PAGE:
If you haven't read Mr. Nowicki's article yet, here it is:
"I loathe democracy"



To the editor ...
From Ronn Neff, senior editor of TLD

I share Andy Nowicki's contempt for democracy, but unlike him I enjoy elections. I find them high entertainment. In 2000 I actually stayed up until 3 o'clock in the morning with my junk food and beer and other snacks waiting to learn the outcome.

So that is not the point on which I wish to differ with Mr. Nowicki. He writes that "the Gore forces attempted to steal the presidency through judicial fiat." That is probably true. It does not follow that the Bush forces did not likewise attempt to steal the presidency through judicial fiat. Indeed, I submit that — setting aside the question of theft — it is not at all clear which side was the more underhanded.

It often asserted that Albert Gore won the popular vote, as though it were incontrovertible. It is not. It's just that the Electoral College system spared us the hundreds, thousands, of recounts that would have been necessary if the president were elected by popular vote. The quirk of the Electoral College allowed us to skip over all the big-city ballot-box stuffing and other fraud, and brought everything down to Florida. Only in Florida were reports of voter fraud (including keeping people from voting or even getting registered) widespread. I am, of course, aware that Bush supporters claim that those reports were all refuted by this or that study, but I see no reason not to regard those refutations as thoroughly as corrupt as the reports themselves. (Those who compile such studies have an interest in maintaining the illusion of the state's legitimacy, too.)

To put it another way, there is no reason to take sides in that fight. We outsiders have no reason to believe that either side was acting in good faith.

Or to look at it another way, if Jeb Bush didn't pull every trick available to him to get his brother elected president ... why didn't he?

And while Mr. Nowicki is as right as can be when he says, "Liberals simply have no scruples when it comes to the task of defeating conservatives," it is equally true that conservatives have no scruples when it comes to the task of defeating liberals. We have seen what their scruples look like time and time again (and not just recently) when matters come to foreign invasion and war, "law-and-order" scorn for individual rights, and corporate subsidies (domestic and foreign). In Congress, they will keep floor debate going for hours if they need to, to get a bill passed. Or they will shut the debate down if that is what is called for. They are as devoted to justifying means by pretended ends as liberals are.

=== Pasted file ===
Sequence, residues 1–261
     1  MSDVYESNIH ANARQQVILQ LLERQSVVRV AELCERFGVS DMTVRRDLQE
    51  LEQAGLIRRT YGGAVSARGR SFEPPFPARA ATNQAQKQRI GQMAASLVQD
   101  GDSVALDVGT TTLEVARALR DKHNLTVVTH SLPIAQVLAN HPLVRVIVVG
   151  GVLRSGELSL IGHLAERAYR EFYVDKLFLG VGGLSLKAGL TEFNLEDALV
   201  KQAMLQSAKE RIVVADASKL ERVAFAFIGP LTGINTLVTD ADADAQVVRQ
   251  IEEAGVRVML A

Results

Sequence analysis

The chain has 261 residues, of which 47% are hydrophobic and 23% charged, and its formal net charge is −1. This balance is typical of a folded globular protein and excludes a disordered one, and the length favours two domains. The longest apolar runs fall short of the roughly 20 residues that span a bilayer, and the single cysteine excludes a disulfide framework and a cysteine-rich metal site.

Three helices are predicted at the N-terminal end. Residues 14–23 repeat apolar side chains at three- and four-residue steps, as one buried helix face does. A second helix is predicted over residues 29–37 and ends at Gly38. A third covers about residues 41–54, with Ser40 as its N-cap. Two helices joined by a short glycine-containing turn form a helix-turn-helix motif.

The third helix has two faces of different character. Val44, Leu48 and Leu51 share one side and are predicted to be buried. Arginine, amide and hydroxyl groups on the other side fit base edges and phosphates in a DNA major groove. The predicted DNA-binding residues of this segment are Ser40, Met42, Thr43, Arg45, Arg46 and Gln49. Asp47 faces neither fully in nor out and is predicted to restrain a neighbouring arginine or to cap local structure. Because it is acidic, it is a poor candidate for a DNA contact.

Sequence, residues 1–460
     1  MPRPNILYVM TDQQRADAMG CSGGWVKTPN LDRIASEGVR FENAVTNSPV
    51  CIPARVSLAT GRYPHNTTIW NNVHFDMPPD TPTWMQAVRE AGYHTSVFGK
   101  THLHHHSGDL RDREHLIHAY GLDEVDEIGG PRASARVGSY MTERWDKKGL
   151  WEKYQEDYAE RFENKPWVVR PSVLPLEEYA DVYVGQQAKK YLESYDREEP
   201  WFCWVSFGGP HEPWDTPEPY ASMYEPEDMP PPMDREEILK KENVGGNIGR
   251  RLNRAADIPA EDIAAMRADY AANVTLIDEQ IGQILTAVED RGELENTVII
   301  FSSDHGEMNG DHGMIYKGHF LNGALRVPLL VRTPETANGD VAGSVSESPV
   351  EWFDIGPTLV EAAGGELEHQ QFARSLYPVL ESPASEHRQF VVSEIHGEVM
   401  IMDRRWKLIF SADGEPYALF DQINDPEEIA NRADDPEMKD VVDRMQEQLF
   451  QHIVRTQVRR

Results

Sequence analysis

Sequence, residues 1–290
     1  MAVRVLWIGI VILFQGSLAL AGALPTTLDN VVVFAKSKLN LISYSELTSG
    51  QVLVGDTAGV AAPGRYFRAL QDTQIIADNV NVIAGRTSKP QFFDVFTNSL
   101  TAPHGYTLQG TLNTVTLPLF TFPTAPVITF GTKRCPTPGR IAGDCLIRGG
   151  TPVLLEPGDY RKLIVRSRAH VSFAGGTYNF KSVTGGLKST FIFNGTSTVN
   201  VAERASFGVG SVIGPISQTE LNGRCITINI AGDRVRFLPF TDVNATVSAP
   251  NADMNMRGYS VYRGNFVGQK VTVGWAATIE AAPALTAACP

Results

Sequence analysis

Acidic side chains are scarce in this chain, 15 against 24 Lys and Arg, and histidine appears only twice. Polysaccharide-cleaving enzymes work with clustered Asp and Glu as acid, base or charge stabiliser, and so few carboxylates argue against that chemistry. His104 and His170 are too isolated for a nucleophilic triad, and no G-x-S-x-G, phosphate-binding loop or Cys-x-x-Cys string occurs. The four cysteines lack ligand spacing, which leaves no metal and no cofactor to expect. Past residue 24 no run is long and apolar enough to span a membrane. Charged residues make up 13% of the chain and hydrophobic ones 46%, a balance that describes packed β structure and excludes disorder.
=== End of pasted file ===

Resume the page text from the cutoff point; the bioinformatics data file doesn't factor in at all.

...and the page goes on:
Secession from the culture of death is heartily to be desired. But establishment conservatism is no more likely to be our ally in that effort than is establishment liberalism. And to prevent it, the "two pinions of one great bird of prey" would show themselves to be much more united than red and blue shapes on a map will suggest.

September 20, 2004

Mr. Nowicki replies

In 2000, we know that Al Gore's forces

a) went to court to attempt to disqualify "butterfly ballots" in one Florida county — even though they knew those ballots had already been approved by the Democrats prior to the election — in a cheap attempt to hold a "re-vote" and thus score more votes from those who had given their vote to Nader or (presumably accidentally) to Buchanan the first time;

b) demanded a hand recount only in the four counties that were most populated with Gore voters, again in a cheap effort to rack up more votes;

c) disingenuously chanted "count every vote" ... while making every effort to disqualify votes from military personnel (more likely Bush-voters) on absurd technicalities; and

d) with the connivance of the (Democrat-appointed) Florida Supreme Court, circumvented clearly worded state law on the time appointed to undertake a recount without time-constraints, thus obtaining as much time as they needed to throw out as many Bush votes as possible and count as many "dimpled" or "pregnant" chads for Gore as possible.

All of that, I suspect Mr. Neff would allow. Yet he asserts that Bush's forces were probably just as dirty and underhanded because a) charges of disenfranchisement against black voters might be true, and b) Bush's brother was the governor, and thus must have done something illegal or untoward to help George W. attain the presidency.

Both a) and b) are pure conjecture and, in my estimation, weak conjecture, compared to the above-mentioned facts pertaining to Gore's gang. I understand the "pox on both your houses" perspective of the anti-state commentator (in this case, Mr. Neff) toward the two major parties. And I certainly don't mean to be taken as a Bush apologist. That the Democrats are vile, corrupt, and lawless certainly doesn't make the Republicans admirable. But where is the evidence that Bush's people behaved just as nefariously in 2000 as Gore's did? I don't see it.